One other difference that deserves further inspection is the significant under-use of existential there in the Romanian NNC corpus; it was considered as one of the variables in the initial set on account of the fact that the canonical word order can be violated and subject inversion in Romanian is acceptable. Results from research on various NNS seem to converge: Palacio-Martinez and Martinez-Insua identify higher frequency of there constructions with L1 Spanish users of English, with a ratio of 24/10,000 NS vs. 39/10,000 for Spanish NNS (2006:219), while Callies & Zaytseva (2011:54) mention an overuse of impersonal subject placeholders (it, there) as an alternative strategy to suppress the agent where the NS favour other reporting strategies; also, Hinkel (1999:102) claims that Asian NNS use fewer non referential it sentences, but significantly more existential there sentences than NS. The finds in NNC set the Romanian writers on Economics apart from this general tendency: the number of there sentences in the NC (632 occurrences, 3.3236 /1,000 words) exceed by far those in NNC (186 occurrences, 1.0336/1,000 words). Further qualitative research of the corpus may reveal whether the low figure is related to incorrect subject-verb sequence or to sentences with the subject doubled by a "false" anticipatory it where in Romanian an impersonal passive construction would be used as a mark of impersonality and objectivity. (ex. *It is spoken English and French here.)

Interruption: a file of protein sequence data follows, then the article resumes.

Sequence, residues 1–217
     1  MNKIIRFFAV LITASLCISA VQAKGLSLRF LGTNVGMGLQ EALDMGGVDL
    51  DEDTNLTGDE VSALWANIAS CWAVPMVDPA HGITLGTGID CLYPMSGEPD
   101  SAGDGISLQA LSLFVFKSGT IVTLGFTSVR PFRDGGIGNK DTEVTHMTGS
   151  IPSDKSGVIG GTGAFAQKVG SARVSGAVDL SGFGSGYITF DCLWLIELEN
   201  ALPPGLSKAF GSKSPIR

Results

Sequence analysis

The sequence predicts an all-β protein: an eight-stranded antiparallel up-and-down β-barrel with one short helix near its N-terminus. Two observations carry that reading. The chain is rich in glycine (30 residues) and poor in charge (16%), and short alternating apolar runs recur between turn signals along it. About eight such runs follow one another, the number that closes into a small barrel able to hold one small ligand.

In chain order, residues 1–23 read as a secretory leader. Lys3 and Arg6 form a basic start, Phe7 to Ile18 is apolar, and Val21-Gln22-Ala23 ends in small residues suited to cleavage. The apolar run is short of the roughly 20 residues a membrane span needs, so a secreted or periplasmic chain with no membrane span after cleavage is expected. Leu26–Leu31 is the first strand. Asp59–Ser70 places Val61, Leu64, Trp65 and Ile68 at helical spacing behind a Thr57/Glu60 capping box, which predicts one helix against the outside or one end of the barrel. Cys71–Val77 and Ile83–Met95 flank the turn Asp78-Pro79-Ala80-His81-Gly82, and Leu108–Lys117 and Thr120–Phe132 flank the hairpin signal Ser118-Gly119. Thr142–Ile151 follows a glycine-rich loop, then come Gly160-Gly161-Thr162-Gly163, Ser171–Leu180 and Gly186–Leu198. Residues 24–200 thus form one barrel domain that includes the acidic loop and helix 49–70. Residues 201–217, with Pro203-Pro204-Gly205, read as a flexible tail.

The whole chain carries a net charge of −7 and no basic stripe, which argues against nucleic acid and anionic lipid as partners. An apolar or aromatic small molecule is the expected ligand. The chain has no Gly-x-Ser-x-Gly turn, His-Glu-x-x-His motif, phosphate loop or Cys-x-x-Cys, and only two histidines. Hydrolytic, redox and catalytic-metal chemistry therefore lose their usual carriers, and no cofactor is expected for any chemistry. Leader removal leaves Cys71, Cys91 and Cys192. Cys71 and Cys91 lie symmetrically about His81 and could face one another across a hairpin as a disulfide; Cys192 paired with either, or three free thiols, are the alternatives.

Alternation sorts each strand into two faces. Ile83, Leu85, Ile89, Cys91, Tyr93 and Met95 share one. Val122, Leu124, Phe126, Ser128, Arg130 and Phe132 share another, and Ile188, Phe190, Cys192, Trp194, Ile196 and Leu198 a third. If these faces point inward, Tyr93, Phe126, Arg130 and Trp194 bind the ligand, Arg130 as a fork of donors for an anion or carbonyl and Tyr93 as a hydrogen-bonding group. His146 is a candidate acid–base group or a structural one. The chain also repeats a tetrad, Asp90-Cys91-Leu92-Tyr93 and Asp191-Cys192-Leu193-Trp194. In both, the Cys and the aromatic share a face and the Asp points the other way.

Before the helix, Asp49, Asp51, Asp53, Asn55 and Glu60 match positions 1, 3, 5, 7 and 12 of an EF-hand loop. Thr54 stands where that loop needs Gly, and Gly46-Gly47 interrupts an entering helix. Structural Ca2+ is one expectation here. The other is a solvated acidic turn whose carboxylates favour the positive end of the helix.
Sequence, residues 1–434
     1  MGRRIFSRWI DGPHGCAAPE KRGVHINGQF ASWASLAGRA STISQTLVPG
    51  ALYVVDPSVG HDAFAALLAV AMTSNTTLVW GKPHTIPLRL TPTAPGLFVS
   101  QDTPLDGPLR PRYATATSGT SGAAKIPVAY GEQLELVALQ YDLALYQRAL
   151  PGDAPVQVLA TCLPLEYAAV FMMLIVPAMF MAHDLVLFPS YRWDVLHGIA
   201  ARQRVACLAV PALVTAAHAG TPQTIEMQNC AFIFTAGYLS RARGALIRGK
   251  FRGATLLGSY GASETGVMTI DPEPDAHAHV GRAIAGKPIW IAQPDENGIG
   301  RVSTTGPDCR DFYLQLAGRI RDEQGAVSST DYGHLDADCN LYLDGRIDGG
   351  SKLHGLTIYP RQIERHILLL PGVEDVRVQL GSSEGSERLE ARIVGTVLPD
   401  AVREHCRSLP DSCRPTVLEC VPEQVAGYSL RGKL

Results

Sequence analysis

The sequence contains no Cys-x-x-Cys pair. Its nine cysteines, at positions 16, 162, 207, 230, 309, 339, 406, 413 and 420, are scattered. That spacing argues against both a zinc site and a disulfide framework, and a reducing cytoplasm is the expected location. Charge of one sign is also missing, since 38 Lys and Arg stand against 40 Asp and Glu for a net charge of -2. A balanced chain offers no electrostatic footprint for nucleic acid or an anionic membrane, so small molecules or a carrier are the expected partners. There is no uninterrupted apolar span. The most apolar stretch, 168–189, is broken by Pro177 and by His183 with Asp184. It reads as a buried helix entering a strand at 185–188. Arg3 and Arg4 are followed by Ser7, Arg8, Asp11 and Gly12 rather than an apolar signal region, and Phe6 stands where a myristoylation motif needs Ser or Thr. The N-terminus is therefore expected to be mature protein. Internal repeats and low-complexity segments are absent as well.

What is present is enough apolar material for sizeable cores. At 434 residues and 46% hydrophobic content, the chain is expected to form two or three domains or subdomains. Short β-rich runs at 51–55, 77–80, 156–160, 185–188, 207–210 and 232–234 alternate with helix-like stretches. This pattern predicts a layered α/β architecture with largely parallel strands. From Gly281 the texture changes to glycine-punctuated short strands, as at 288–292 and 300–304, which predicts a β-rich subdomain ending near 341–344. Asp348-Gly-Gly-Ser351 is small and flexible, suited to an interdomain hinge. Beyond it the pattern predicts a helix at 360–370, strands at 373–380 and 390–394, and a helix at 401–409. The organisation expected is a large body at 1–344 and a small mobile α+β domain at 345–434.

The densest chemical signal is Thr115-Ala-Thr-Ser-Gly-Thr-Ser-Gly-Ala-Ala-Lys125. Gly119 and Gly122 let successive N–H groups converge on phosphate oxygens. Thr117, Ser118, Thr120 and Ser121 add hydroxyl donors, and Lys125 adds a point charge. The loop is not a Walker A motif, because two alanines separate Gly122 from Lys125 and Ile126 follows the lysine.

Use of tense-aspect forms. One of the areas where differences were expected to be significant between the corpora was that of tense use and aspect use, given the typological dissimilarity between the two languages and intuitive personal and shared teaching and testing experience with Romanian learners of English. Use of tense and/or aspectual forms in the research article and in its parts ("moves", in Swales' terms) has been subject to extensive investigation in genre-related studies starting with Swales (1990, 2004) to the present. A number of contrastive studies show disparities in the use of aspectual forms in the various moves: e.g. texts by Asian students display lower rates of Present Perfect forms in the introductory section of the academic article than natives, indicating a tendency to avoid them (Hinkel, 2004:21), which applies equally to Progressive forms (ibid.). A comparatively recent quantitative study on technical texts by Spanish writers of English (Carrio-Pastor, 1997) claims that no significant differences existed in the use of tense-aspect combinations. These finds are more in keep with the results in NNC regarding aspect-tense combinations (Past/Present/Future Progressive and Past/Present/Future Perfect): the difference is moderately significant, with %2=3.21, df=1, p=0.073. This suggests that although Romanian does not have systematic aspectual oppositions, L1 has little influence on the use of aspect forms; further research is needed to verify their appropriateness and correctness in NNC.